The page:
Plan to Rename Stretch of Lee Highway Angers Some
By Peter Whoriskey
Sunday, June 20, 2004; Page C04
Like many places in Virginia, Fairfax City makes many gestures to its Confederate past.
The high school team is known as the Rebels, and the road running by it is called Rebel Run. Two of the city's biggest roads -- Lee Highway and Old Lee Highway -- are named for Gen. Robert E. Lee. Five years ago, the city purchased the historic Blenheim house to create a Civil War house museum.
"I can't imagine another city more entrenched and more proud and that does more to promote its history in the Civil War," Mayor Robert F. Lederer said recently.
But the City Council's unanimous decision last month to change the name of Lee Highway as it passes through the city is provoking outcries from some defenders of the region's Confederate heritage.
The city says it wants to create a "distinct marketing identity" for the stretch of Lee Highway that coincides with Route 50 in the city by renaming it Fairfax Boulevard.
But Mike Goodloe, a leader in a local Sons of Confederate Veterans group, said that the move represents "a callous disregard" for Lee's memory and that his group will try to block the name change.
"The name of Lee is probably more revered in this state than any other except George Washington," Goodloe said. "To me, it's practically inconceivable that we would just throw his name away and the memory of the man in the process."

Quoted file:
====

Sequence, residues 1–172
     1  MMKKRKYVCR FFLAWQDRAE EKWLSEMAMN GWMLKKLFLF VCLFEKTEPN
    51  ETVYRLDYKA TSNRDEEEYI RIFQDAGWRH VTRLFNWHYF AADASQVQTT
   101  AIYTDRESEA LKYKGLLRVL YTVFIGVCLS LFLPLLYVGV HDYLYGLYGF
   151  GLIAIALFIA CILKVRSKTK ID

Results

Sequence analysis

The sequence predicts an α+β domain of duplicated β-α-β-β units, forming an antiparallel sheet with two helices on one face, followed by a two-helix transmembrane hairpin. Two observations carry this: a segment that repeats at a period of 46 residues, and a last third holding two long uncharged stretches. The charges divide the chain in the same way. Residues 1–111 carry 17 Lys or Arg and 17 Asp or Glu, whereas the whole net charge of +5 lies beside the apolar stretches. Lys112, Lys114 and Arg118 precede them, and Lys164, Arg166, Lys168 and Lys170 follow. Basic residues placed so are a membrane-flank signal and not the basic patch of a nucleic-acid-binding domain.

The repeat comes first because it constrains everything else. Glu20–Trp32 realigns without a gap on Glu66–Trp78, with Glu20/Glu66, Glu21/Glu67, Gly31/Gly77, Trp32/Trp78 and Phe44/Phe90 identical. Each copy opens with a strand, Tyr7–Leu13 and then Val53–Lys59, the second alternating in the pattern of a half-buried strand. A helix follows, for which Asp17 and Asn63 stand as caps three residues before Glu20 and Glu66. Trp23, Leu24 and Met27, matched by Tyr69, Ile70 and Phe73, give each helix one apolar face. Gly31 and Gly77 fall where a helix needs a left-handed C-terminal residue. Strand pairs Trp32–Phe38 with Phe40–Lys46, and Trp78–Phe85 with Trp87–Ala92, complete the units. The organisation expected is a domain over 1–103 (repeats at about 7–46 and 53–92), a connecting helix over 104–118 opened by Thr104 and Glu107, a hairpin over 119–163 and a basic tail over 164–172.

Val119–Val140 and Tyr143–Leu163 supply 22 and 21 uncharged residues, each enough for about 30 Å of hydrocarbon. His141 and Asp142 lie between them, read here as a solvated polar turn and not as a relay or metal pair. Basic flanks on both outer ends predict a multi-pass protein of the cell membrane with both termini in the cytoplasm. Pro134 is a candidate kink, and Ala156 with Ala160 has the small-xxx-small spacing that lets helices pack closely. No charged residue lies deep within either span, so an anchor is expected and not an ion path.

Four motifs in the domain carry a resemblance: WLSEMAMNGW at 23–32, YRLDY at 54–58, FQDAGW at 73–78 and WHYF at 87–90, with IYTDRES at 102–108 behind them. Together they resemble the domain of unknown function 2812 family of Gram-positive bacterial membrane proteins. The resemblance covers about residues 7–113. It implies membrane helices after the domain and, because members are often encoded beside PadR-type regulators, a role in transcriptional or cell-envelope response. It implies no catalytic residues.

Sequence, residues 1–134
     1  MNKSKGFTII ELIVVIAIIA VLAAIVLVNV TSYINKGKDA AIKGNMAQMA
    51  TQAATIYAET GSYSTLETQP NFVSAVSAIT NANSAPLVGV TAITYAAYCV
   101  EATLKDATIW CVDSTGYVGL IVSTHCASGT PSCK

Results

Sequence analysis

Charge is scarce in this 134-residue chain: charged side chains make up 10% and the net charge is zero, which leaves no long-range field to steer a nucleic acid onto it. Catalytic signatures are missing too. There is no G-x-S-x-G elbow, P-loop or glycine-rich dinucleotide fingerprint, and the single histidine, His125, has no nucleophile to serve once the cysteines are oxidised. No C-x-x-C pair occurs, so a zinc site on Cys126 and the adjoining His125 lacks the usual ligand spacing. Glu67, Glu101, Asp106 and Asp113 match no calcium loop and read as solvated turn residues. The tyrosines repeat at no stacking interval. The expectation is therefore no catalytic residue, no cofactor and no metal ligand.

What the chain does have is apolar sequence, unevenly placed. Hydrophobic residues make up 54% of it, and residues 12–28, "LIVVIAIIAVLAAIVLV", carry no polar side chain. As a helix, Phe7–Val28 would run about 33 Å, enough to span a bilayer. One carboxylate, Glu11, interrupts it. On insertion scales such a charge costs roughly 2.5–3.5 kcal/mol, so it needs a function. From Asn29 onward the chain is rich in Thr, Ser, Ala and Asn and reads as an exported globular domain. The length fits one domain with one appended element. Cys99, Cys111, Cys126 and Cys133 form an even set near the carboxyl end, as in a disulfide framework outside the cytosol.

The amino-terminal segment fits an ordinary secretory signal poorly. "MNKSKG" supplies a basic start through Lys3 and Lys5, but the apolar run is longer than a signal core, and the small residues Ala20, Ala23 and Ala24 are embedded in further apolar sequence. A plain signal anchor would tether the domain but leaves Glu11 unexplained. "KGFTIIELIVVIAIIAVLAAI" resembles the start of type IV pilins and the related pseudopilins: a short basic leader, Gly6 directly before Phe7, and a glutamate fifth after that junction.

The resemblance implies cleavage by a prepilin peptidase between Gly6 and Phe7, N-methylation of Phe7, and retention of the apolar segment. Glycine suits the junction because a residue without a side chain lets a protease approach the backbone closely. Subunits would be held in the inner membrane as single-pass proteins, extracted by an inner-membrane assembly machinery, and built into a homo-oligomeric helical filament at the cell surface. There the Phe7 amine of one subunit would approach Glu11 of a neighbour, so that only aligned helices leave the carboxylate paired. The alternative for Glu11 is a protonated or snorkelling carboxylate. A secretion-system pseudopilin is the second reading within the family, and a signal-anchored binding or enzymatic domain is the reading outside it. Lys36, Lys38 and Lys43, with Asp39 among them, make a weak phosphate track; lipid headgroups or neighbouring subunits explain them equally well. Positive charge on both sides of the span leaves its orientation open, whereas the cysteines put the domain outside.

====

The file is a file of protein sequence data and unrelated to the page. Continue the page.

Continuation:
"People coming to the South expect to see Confederate things," said Mike Shumaker, another member of the group, which meets monthly at an American Legion post in the city. "It would be like going to France and not finding any French restaurants."
Lederer says he has received about 200 e-mails from across the country on the issue.
Opponents of the measure have contacted the office of state Sen. Jeannemarie A. Devolites (R-Fairfax). Her legislative aide, Taylor Gebert, said last week that it appears that under state code, the city does not have the authority to rename the roadway.
But, he said, "it's a question."
Lederer said city attorneys have advised him that the city does have the authority.
The idea of renaming Lee Highway, one of the city's main roads, emerged as part of an economic development effort aimed at reviving businesses along it.
At a council hearing last month, some people said the imposition of another name would make giving directions more difficult, while others said it would make navigation easier. Other Virginia cities have their own names for state roads.
"If you say 'Broad Street,' you know you're in Falls Church," said council member Patrice M. Winter. "Say 'Maple Avenue' and you know you're in Vienna. We want to move this project forward."
But most heartfelt concerns seemed to arise from the issue of Confederate heritage.
Business people weighed in on both sides of the renaming issue.
"Having ancestors who rode with both General Mosby and General Stuart, I think [the name] should be left alone," said Charles Stringfellow of Vienna.
Terry Simmons, on the other hand, said some people believe a name change would be "fresh" and "different."
"I see this name change as not being any disrespect to General Lee at all," she said, noting that she is a native Virginian. "If you want a statue somewhere, put a statue somewhere, or a placard."
© 2004 The Washington Post Company